Even as a growing number of political candidates have embraced marijuana decriminalization — some promote it as a way of combatting the opioid crisis, others as a part of criminal justice reform — many say they’re still making up their minds. A handful of pro-pot Democrats have been attacked on the issue, which is why some progressives want Democratic leaders to fully embrace cannabis so the party can show a unified front. Unlike establishment partisan positions on taxes or healthcare — where parties write the play-books — with pot, individual politicians are making it up as they go. And some say they’re going to lose votes as a result.
“The Democratic Party has yet to grasp that marijuana is an issue that moves a core segment of voters which they keep on claiming they want to target, which are white men,” Justin Strekal, political director for marijuana advocacy group NORML, tells Rolling Stone. When it comes to marijuana, there’s been no leadership from Washington, even as polls reveal more than 60 percent of Americans want legalization.
Though Senate Minority Leader Chuck Schumer introduced his own marijuana bill to decriminalize and regulate at the federal level, he won’t commit to bringing it up for a vote if he becomes majority leader. It’s the same story in the House — when asked if she’d bring a marijuana bill up for a vote, Minority Leader Nancy Pelosi wavered. “I don’t know where the president is on any of this. So any decision about how we go forward would have to reflect where we can get the result,” she said. “You’ve heard me say it, over and over: Public sentiment is everything.”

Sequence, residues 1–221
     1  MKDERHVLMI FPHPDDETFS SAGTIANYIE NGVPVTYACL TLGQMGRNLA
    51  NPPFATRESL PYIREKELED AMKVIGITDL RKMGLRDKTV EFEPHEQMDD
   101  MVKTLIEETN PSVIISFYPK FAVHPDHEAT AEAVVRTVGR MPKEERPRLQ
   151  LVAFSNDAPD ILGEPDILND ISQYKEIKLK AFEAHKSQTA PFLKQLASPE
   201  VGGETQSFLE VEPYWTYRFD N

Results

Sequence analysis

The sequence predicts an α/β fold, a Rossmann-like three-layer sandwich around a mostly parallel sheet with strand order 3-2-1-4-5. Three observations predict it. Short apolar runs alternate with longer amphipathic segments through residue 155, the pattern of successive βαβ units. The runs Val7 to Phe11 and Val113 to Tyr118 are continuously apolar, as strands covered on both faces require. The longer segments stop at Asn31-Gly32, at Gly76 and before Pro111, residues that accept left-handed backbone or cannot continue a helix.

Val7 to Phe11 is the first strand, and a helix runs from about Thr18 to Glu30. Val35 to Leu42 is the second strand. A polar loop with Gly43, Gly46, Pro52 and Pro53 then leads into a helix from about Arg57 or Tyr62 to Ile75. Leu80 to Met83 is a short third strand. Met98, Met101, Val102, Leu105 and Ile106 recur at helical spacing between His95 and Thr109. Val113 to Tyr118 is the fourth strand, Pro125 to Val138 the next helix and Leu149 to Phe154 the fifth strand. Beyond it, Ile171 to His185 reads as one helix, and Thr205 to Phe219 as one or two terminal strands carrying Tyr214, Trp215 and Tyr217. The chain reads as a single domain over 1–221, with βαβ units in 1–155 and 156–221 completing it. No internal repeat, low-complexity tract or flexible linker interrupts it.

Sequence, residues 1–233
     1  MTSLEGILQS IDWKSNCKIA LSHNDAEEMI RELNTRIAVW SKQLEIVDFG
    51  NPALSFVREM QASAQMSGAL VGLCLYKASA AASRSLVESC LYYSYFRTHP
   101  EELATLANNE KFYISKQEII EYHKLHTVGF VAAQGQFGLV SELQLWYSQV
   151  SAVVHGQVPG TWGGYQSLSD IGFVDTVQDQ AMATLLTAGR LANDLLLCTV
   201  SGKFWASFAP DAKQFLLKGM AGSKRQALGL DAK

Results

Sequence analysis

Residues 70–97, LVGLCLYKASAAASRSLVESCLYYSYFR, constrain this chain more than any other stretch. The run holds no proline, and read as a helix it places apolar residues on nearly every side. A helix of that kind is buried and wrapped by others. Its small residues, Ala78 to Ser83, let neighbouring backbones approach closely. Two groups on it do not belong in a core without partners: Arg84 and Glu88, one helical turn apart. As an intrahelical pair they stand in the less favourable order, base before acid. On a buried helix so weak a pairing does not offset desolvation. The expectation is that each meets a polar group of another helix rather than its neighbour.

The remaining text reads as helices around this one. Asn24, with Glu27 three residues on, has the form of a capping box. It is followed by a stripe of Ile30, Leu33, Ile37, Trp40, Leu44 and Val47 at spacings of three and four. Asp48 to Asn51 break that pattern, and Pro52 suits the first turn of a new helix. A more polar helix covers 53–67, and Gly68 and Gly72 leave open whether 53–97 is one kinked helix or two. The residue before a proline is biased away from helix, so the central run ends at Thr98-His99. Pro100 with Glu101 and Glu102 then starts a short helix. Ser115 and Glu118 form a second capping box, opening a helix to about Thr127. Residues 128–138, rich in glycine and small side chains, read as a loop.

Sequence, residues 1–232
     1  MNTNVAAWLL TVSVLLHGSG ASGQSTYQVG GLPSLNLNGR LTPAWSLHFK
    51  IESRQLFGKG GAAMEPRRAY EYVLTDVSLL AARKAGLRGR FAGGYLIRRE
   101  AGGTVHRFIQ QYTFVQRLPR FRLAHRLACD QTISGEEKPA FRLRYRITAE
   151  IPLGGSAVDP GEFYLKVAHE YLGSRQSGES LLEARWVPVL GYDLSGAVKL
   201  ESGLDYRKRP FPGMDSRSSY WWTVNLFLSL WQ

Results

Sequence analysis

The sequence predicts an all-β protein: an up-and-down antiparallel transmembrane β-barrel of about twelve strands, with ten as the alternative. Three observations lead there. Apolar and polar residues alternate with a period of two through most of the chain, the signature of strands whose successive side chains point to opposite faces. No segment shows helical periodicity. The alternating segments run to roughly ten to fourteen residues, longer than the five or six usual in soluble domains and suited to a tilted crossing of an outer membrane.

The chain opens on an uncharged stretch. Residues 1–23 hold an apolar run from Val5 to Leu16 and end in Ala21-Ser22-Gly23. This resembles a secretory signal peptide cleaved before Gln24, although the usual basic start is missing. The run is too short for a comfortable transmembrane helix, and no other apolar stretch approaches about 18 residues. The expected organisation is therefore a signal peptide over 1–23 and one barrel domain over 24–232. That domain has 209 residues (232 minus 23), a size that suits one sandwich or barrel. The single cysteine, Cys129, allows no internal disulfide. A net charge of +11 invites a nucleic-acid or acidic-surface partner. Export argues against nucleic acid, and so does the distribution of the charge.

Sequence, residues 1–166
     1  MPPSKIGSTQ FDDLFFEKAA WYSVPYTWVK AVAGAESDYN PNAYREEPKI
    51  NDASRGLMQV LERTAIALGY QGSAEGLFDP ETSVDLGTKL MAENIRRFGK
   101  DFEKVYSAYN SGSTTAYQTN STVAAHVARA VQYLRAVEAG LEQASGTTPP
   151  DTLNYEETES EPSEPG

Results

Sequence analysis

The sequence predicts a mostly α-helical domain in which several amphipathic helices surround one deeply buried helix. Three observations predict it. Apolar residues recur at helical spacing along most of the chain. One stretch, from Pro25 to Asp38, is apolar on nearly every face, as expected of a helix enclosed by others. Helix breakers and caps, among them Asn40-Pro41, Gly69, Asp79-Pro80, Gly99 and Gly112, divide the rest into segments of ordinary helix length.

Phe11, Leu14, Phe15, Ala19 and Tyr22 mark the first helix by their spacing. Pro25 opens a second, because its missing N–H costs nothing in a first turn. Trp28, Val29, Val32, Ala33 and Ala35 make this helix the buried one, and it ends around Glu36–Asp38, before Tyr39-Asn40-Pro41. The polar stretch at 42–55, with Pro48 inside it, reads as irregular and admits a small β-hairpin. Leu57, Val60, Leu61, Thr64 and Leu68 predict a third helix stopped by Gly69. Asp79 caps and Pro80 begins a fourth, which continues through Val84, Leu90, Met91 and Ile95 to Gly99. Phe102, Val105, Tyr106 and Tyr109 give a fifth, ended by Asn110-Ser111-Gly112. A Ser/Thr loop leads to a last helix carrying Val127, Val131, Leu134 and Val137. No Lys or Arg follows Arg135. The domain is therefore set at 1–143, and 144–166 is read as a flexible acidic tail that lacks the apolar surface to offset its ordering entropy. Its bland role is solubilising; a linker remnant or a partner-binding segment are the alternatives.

With Democratic leaders refusing to commit to even voting on marijuana, their candidate’s positions on it are as much of a patchwork as the nation’s disparate marijuana laws — and it could affect some of the most contested races in the country.
This year the battle for New York’s 19th District is nasty. First-term Republican John Faso, who is pretty mum on marijuana, has supported a series of blatant race-baiting ads highlighting his Democratic opponent, Antonio Delgado’s short lived hip-hop career. Faso has accused Delgado of glorifying “drug use” and, while widely decried, his allies say the ads have had an impact.
That was evident on a recent Friday evening at a voter registration event for college students in New Paltz, New York. In his stump speech about shaking up the “status quo,” Delgado brought up the opioid crisis as evidence that Washington’s broken. But in this region that witnessed an 80 percent increase in opioid deaths from 2015-2016, the tall, handsome man refused to acknowledge that marijuana — which is increasingly being found to be an effective way to curb opioid use — could be a solution.
“My focus on the response is making sure that we actually fund drug treatment centers, that we actually fund health facilities and mental health facilities, and that we give these young individuals a chance to recover,” he told Rolling Stone. When pressed on whether marijuana could be a solution, he responded that he did not follow the line of questions. He also added that he only supports medical marijuana.
This apparent fear of attack ads — being labeled a “pro-drug” candidate — is partly why Democratic leaders are being nudged to make marijuana reform part of their agenda. That way, candidates will be better prepared to talk pot politics, even when their opponents try to distort their position and portray them as wanting to loosen restrictions on all drugs.